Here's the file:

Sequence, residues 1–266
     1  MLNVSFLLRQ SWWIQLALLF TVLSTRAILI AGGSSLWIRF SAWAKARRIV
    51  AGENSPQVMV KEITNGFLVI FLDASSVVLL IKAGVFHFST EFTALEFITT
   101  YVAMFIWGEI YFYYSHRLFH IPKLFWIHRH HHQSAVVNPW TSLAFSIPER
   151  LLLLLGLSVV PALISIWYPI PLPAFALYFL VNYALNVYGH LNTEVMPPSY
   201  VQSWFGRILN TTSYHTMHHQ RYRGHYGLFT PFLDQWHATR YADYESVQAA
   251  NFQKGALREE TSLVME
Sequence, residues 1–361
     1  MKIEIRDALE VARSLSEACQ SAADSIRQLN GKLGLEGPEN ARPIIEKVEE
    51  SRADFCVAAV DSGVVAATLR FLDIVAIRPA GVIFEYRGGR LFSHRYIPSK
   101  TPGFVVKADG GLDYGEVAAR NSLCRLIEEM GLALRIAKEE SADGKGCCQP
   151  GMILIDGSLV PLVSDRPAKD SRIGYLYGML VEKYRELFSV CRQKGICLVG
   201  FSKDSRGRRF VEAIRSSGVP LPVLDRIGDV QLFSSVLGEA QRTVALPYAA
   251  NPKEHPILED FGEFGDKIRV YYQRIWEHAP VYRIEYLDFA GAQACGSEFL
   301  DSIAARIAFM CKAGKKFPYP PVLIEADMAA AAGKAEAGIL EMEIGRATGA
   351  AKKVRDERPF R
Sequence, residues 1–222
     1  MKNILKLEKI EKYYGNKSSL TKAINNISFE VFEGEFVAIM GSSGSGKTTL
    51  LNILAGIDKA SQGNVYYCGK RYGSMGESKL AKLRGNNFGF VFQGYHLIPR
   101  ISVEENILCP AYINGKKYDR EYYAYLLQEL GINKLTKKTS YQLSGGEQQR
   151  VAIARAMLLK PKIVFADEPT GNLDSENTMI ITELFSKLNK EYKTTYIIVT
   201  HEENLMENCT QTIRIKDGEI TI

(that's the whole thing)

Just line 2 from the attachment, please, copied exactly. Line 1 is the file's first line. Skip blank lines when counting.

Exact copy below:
     1  MLNVSFLLRQ SWWIQLALLF TVLSTRAILI AGGSSLWIRF SAWAKARRIV